To the Honorable Roberta Reardon, Commissioner, New York State Department of Labor, and Deputy Commissioners,
On behalf of Americans for Tax Reform, I submit this testimony in strong opposition to Governor Cuomo’s proposal to eliminate the wage tip credit, or sub-minimum wage — which allows service workers to be paid less than the minimum wage while they earn tips to supplement their income.
The reality that New York State is even considering a reckless and damaging move to eliminate the wage tip credit shows how disconnected our state government has become from the people it is intended to serve.
The state should be making it easier for New Yorkers to live, work, and raise a family. Instead, ending the tip credit would destroy a system that has been working for decades, for both businesses and workers.
The results would be awful for customers, businesses, workers, and ultimately government, as another blow to the economy risks hurting revenues and driving more economic activity out of state.
Please, heed the warning signs. New York State already has the 49th-ranked business climate in the nation, according to the non-partisan Tax Foundation. Upstate regions have especially suffered in recent years, with job growth around one-quarter of the national average.
Eliminating the tip credit would make these issues worse.
For each $1 increase in the base wage for tipped workers, a median-rated restaurant is at a 14 percent increased risk of closing, a Harvard Business School study found in studying San Francisco, as California does not have a wage tip credit. A similar effect in New York from the proposal you are considering would mean a 42 percent increased closure risk.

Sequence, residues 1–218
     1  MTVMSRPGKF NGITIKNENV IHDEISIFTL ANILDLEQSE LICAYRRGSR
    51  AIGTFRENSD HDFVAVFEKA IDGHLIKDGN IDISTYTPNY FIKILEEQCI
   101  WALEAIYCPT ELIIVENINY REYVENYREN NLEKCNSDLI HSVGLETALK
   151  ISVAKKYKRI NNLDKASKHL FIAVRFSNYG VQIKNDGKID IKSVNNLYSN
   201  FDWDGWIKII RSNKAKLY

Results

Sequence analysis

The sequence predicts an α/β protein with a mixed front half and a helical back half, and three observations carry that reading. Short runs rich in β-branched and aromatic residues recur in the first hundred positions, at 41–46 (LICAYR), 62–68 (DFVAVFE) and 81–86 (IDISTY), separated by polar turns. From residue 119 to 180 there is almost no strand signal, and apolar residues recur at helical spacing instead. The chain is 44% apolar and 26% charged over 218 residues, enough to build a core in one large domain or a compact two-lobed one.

You don’t have to look cross-country to see negative consequences. In New York, over 270 restaurants closed after the minimum wage for tipped workers was increased by 50 percent in 2015.
It’s no wonder an Employment Policies Institute survey of 200 New York restaurants showed almost half of those that charge affordable prices said they will have to close if the tip credit is ended.
Maine, which recently made a similar change to the tip credit, saw their legislature restore it less than a year later because it was such an overwhelmingly unpopular move. The concerns servers voiced about their net pay decreasing without the tip credit proved to be very real in practice.
Proponents of eliminating the credit point to narrow cases of wage theft, which is already illegal. If there is a problem there, it is one of enforcement. Their factually-challenged case for this policy gives away that their campaign is meant to attack New York businesses and workers for the benefit of narrow, but powerful special interests.
These facts should be more than enough to dissuade the Department of Labor from eliminating the credit. If not, the flood of workers and business owners who have spoken against elimination of the credit at hearings across New York ought to drive the point home. They know best what works for them, and their families.
I strongly urge you to avoid making an obvious, and tragic mistake that will hurt the very hard-working service workers it is your mission to protect, and crush New York’s businesses under another unaffordable regulation. Reject the Governor’s proposal to eliminate the wage tip credit.
Thank you for your consideration,
A. Douglas Kellogg
State Projects Director
Americans for Tax Reform